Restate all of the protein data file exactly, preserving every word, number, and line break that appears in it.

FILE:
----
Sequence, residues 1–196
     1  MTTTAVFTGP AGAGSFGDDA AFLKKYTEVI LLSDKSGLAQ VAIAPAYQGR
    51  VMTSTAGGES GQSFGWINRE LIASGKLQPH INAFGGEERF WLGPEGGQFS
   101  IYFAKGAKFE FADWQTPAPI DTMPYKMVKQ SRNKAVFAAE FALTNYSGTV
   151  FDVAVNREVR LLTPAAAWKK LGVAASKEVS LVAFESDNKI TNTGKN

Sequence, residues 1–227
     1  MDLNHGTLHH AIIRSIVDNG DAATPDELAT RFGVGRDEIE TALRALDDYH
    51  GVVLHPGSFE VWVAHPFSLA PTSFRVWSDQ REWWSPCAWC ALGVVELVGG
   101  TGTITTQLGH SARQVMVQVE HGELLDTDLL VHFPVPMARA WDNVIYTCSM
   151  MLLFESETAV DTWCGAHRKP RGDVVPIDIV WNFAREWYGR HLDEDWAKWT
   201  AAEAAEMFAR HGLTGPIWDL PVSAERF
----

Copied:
Sequence, residues 1–196
     1  MTTTAVFTGP AGAGSFGDDA AFLKKYTEVI LLSDKSGLAQ VAIAPAYQGR
    51  VMTSTAGGES GQSFGWINRE LIASGKLQPH INAFGGEERF WLGPEGGQFS
   101  IYFAKGAKFE FADWQTPAPI DTMPYKMVKQ SRNKAVFAAE FALTNYSGTV
   151  FDVAVNREVR LLTPAAAWKK LGVAASKEVS LVAFESDNKI TNTGKN

Sequence, residues 1–227
     1  MDLNHGTLHH AIIRSIVDNG DAATPDELAT RFGVGRDEIE TALRALDDYH
    51  GVVLHPGSFE VWVAHPFSLA PTSFRVWSDQ REWWSPCAWC ALGVVELVGG
   101  TGTITTQLGH SARQVMVQVE HGELLDTDLL VHFPVPMARA WDNVIYTCSM
   151  MLLFESETAV DTWCGAHRKP RGDVVPIDIV WNFAREWYGR HLDEDWAKWT
   201  AAEAAEMFAR HGLTGPIWDL PVSAERF